Probably starting with the fact I took five years of German in high school.
Neither of those statements has anything to do with this blog, I'm just stating them for the record.
Over the last few day I've been wanting to buy a smoker. For many years (approximately 18) I owned a Kamado. Kamado is a Japanese word meaning "dragon". Far from being an actual dragon, a Kamado is a top end Japanese earthenware smoker. These days a company markets them in America as "The Big Green Egg".
I was the third owner of my Kamado. A couple in San Antonio purchased it in 1977. In 1982 they gave it to a fellow named Paul. In 1984, when I got to New Orleans International Airport as a rookie air traffic controller in training, Paul had just certified as a full performance level controller. He lived in the same apartment complex as I did. He cooked a lot of meals on the Kamado for he and his girlfriend and me and my girlfriends. By 1986 I had become quite adept at cooking on the thing. When Paul transferred to Houston in 1987, he gave me the Kamado. He had decided to buy a new one when he got back to Texas.
I kept the Kamado until 2003 when my ex-wife and I divorced. It was too large to fit on the balcony of my condo. In keeping with tradition, I gave it to a friend of mine.
He still has it and it still works beautifully.
I told you that story to tell you this one.
Yesterday, I could no longer stand it. I've been cooking on Christine's gas grill for the last two years. Gas grills are okay. They do a reasonable job on steaks and chops. They aren't bad when used in conjunction with a cast iron griddle for blackening fish or chicken. However, I prefer to slow cook meats over natural lump charcoal and hardwoods for smoking.
We had to make a vitamin run to GNC yesterday morning. Walmart is in the same complex. I ran in, picked up our order of vitamins and it was off to look at smokers.
Of course, I mean "look at" in the guy way.
That means "purchase".
Being a typical guy, I spotted and seized on the heaviest one they had.
The box weighed around 75 pounds.
It didn't fit in any shopping cart they had.
In a word.........PERFECT!
The box was so cumbersome it took both of us to load it in the back seat of Christine's Toyota Corolla.
We were lucky the back doors barely closed.
Now that we had a backseat full of heavy steel parts, there were two things left to do.
1.) Go to Lapp's Dutch Market and pick up some meat to smoke on it.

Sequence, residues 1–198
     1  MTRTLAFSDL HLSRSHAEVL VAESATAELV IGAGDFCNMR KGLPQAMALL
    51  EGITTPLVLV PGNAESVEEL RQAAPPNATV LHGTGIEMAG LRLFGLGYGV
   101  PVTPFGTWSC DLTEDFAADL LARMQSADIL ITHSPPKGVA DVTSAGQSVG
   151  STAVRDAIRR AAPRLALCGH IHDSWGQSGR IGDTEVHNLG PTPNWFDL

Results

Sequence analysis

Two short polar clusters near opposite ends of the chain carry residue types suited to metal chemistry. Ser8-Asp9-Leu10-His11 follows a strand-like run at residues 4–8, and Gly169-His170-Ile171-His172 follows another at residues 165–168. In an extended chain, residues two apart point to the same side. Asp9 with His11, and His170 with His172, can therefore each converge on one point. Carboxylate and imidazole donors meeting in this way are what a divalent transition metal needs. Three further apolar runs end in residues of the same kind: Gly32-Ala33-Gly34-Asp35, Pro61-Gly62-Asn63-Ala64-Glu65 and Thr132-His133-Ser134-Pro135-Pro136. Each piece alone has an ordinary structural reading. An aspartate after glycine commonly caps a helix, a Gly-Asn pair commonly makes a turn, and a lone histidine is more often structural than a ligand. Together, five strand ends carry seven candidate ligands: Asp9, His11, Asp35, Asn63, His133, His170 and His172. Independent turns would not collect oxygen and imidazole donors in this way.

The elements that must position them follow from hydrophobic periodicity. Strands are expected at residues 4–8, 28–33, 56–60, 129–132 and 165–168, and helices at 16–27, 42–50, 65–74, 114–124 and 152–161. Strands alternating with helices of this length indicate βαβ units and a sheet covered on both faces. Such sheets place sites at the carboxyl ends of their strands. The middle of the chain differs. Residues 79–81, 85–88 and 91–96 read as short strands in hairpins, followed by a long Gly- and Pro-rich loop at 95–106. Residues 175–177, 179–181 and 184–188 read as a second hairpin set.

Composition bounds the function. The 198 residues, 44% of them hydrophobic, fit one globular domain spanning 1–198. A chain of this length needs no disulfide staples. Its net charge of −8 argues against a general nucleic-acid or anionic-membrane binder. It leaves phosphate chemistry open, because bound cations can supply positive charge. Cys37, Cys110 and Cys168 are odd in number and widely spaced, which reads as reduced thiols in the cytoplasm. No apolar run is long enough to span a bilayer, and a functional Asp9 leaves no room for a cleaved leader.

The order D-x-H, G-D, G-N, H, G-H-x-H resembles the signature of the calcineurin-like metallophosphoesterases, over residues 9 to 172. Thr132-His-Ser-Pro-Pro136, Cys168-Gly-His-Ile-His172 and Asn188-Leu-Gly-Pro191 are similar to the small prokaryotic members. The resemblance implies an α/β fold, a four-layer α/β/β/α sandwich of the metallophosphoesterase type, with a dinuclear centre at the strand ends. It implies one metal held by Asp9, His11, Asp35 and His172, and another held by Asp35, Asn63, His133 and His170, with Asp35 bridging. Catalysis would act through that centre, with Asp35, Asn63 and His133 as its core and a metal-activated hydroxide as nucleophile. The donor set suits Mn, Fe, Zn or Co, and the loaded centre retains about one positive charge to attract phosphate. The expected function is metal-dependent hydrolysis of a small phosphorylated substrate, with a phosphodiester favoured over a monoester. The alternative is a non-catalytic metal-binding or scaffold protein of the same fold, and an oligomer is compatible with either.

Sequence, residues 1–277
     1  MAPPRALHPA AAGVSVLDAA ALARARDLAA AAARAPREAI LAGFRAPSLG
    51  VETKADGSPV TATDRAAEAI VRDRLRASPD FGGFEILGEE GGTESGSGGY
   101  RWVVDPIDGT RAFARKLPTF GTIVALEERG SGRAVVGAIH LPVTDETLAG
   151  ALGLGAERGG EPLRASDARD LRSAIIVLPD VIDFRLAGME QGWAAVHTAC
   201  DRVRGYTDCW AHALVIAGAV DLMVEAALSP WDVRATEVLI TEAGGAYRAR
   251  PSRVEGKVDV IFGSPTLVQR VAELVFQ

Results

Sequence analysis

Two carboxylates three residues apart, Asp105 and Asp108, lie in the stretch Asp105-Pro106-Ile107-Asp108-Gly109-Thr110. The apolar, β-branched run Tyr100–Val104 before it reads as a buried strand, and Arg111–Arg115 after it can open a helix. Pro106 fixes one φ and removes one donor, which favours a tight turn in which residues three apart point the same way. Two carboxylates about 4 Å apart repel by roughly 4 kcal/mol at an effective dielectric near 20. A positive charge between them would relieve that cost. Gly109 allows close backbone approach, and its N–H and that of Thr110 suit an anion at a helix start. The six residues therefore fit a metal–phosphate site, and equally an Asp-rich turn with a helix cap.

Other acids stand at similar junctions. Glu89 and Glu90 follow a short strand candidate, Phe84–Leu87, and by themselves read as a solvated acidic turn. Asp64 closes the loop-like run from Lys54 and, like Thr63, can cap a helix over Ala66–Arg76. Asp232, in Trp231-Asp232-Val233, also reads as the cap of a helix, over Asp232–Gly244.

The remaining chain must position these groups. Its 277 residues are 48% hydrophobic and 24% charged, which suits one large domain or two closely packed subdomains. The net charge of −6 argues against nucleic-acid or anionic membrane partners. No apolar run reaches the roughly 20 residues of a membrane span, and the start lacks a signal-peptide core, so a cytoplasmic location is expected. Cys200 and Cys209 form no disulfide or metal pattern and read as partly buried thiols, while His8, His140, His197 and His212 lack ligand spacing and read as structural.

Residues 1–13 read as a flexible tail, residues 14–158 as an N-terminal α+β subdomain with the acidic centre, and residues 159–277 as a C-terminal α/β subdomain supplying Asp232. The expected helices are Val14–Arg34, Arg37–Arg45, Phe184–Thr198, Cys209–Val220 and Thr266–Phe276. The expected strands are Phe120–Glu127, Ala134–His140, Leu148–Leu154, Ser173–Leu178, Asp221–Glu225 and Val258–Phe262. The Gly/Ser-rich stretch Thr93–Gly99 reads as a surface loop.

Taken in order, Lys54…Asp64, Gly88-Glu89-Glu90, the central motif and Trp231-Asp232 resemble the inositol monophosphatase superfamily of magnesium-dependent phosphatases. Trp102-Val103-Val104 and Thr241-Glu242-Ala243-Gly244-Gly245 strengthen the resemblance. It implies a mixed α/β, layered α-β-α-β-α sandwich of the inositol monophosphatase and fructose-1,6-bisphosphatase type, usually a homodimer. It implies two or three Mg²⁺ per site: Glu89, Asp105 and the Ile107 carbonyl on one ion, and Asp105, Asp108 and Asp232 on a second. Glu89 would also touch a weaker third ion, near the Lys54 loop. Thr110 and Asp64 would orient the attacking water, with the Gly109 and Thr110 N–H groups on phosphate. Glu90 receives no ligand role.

2.) Assemble the smoker.
There's a tradition in my family, started by my father, when assembling something with a million parts.
It involves huffing in frustration, then muttering under our breath, and finally outright cursing.
Every bad word I ever learned, I learned from watching Dad build one of the many bicycles we had as children.
Except for the "F*** Bomb".
I learned that when Dad stubbed his toe coming up the stairs from the recreation room.
Christine and her mother had a "Kentucky Derby Hat" event to go to yesterday afternoon. That left me time to cut the grass and then open up the smoker and get to work on it.
I figured it would take about 30 minutes to assemble.
After all, how many parts could there really be?
I skipped "huffing" and went straight into muttering.
By the way, the other 80 parts are off to the left outside of the camera view.
Fortunately, I didn't have to tackle this alone.
Splitty the Maul was standing by to help.
The first few steps were pretty easy, so I didn't need any help. Splitty was just sort of hanging out and drinking beer.
I had the base of the unit assembled. The next few steps were sort of involved so I sat down to read the directions a couple of times to make sure I had them clear in my head.
Suddenly, I heard an odd noise.
Splitty yelled out something about "being in an iron lung".
I was not in any sort of mood for buffoonery.
Splitty got out and returned to drinking beer.
The "half hour" estimate ran into about one hour and fifteen minutes.
However, I finished the project with no left over parts.
That's a "win" in anybody's book.
Splitty had to jump into the picture at the last minute.
Mauls dig getting photographed.
Anyway, the smoker was done and that meant only two things.
1.) A celebratory beer for me.
2.) Fire up the smoker.
By the way, that's mesquite chunks soaked in water over the natural charcoal in the second picture.
Later today, I'll be putting on some spare ribs and a beef brisket.
Both are marinating as we speak.
I have a marinade I developed over the years.
Here it is:
- 2/3 cup dry red wine (I use an inexpensive Chianti or Merlot)
- 1/3 cup low sodium (green cap) Kikkoman soy sauce
- 2 tsp dry thyme leaves
- 1 tsp rubbed sage
- 1 tsp ground summer savory
- 1 tsp black pepper
- 1 tsp garlic granules
- 1/2 tsp ground cayenne pepper (use 1 tsp if you want it hotter)
- 4 dashes Worcestershire sauce
Mix ingredients in a 1 gallon Ziploc Freezer bag. Add meat to bag. Close bag and shake to mix ingredients and coat the meat. Place bag in refrigerator overnight, turning occasionally.
Grill/smoke as desired.
Pretty simple, but it yields great results on smokers.
Okay, time for me to get this day started.
Until the next time, all y'all take care of yourselves.
Air Traffic Mike, ret.